2019 ENRICH Educator of the Year

After being asked to leave a church, Keith found himself looking for new life in, of all places, a funeral home. One of his church members (David Burton) rescued him from unemployment and hired him as a counselor. Between that good staff and a loving congregation (Fairview Presbyterian) on the outskirts of Erie, Keith and his family were nurtured back to a sense of wellbeing and trust in the blessing of church community.

Because of, and through the journey, he came to understand (maybe for the first time) the need for the gospel and the process of spiritual formation. He believes that faith growth is reliving the life, death, and resurrection of Christ, every day and for as long as we live. To grow in theological thought, we must let go of what we previously believed. As churches have ebbed in attendance, he has sought to put that process in action and find God’s direction of new life for himself and congregations.

He and Joyce MacKichan Walker, with the Event Committee, reflected this in the Baltimore APCE Event in 2015. Entitled “Fear Not,” the speakers and worship services emphasized faith despite fearful transformation of our ministries. Locally, through the Eastern Region, Keith and Rev. Dr. Beverly Cushman, former professor of Spiritual Formation at Westminster College, developed a program called “Jump Start” to help interested congregations begin their formation ministries again.

Keith will tell you that not much has stayed the same in his ministry over the years. In the 70’s when he began, it was in college that students were introduced to world religions. Now children need to be familiar with them to understand their own faith and to make friends with those of other faiths.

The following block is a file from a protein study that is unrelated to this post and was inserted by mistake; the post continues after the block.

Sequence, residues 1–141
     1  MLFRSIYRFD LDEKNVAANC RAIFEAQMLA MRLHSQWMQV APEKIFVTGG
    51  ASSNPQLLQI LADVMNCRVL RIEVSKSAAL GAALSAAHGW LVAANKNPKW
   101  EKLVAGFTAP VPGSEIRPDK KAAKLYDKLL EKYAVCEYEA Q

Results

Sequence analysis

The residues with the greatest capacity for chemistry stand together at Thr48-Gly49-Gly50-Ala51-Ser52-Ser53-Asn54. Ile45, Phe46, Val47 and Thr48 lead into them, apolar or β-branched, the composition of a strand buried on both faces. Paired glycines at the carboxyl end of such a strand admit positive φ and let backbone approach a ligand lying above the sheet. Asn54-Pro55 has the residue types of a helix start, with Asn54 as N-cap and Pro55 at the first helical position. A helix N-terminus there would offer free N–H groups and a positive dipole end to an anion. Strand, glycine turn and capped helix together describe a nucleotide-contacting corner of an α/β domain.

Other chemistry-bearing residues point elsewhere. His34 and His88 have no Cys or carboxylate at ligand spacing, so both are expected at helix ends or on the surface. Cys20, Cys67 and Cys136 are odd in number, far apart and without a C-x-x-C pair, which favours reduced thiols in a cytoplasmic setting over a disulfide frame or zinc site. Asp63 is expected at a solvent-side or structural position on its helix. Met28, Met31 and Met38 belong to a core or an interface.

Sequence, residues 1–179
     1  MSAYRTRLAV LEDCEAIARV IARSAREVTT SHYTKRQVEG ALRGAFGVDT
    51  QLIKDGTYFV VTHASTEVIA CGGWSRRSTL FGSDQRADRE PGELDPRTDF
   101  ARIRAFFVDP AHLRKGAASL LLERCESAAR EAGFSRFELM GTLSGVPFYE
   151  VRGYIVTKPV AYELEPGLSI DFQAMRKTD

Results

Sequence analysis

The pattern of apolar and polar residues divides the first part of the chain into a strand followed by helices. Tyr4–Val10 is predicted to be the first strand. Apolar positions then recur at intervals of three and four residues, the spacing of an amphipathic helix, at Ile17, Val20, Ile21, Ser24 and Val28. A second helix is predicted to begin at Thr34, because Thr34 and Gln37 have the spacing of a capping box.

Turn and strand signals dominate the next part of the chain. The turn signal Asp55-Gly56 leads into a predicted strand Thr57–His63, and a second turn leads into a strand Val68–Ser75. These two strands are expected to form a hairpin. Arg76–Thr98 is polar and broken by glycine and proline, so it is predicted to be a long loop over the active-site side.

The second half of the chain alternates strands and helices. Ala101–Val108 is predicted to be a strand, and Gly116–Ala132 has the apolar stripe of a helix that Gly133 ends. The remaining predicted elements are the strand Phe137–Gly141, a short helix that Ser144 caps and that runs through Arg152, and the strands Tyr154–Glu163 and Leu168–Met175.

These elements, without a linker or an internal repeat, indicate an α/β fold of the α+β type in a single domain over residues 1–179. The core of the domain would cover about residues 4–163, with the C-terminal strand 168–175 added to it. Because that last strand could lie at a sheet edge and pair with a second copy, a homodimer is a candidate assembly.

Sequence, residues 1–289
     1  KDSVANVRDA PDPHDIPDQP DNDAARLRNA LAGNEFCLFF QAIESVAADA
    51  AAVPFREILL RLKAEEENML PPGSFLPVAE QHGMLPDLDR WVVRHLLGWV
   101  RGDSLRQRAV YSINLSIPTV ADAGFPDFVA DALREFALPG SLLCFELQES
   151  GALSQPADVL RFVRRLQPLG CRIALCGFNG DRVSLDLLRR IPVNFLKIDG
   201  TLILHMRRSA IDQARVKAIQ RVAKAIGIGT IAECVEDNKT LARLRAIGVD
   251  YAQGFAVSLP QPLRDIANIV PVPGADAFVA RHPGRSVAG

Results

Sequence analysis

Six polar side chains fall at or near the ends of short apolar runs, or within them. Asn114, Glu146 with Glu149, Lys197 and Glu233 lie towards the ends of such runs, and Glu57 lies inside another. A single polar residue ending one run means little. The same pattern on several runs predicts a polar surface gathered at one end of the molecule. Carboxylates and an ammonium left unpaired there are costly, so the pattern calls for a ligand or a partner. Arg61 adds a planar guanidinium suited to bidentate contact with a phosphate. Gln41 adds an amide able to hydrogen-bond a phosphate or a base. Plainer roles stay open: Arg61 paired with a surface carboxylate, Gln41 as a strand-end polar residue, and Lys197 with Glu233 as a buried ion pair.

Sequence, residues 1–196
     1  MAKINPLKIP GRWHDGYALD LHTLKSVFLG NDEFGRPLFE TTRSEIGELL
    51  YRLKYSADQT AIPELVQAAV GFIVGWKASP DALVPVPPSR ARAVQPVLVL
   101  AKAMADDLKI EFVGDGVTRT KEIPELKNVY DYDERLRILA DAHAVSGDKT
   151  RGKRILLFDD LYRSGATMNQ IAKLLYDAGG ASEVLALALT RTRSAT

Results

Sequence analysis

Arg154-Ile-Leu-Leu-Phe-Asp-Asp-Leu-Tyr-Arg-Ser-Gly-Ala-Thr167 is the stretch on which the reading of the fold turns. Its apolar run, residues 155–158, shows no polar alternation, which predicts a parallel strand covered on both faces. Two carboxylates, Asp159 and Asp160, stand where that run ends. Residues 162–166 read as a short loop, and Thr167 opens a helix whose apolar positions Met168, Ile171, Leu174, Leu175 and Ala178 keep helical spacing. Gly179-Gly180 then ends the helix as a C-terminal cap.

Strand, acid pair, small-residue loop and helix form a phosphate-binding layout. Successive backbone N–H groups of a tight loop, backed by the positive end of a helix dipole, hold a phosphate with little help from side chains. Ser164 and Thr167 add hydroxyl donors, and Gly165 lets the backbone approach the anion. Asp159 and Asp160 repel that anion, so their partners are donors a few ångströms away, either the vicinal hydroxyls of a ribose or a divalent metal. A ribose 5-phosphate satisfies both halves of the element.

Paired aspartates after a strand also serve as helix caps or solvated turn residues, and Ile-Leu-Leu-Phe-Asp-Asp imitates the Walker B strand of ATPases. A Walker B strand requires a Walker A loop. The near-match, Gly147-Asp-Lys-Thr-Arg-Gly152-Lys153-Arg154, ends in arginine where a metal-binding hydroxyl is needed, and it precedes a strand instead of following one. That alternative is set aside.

He feels the weekend his congregation and Temple Anshe Hesed welcomed Amy Jill Levine to their buildings symbolized this dramatic change in Spiritual Formation. Taking a year and a half of conversation and mutual education, the combined committee, found enough common ground to hold a worship service in each other’s sanctuaries, host a lecture series, and a combined Sunday School.

This is just but one of the issues facing faithful Christians today. Teaching must touch on a number of complex issues such as race, sexual orientation, ecology, genetic engineering and so forth. Our curriculum parameters have expanded.

Keith’s ministry began at First Presbyterian Church of Bethlehem and has led to serving in his home church, Wayside Presbyterian, for the last 18 years as the Associate Pastor. He is currently moderator of the Spiritual Formation Committee of the Presbytery of Lake Erie. He is a past president of the Eastern Region of APCE and remains on the board helping with hospitality.

He and his wife Barb are grateful that their three married children and eight grandchildren live only a few miles from their home. They met at Grove City College and she supported him through his studies at Louisville Presbyterian Theological Seminary and Pittsburgh Institute of Mortuary Science. His children and their spouses are teachers at the church and the grandchildren are some of the little ones who come forward for the children’s sermon.

He is currently working on a manual for pastors on how to do funerals based on his eleven and half years at the Burton Funeral Home. Although retirement draws closer, he will continue to serve the church through the presbytery and along side his friends in APCE.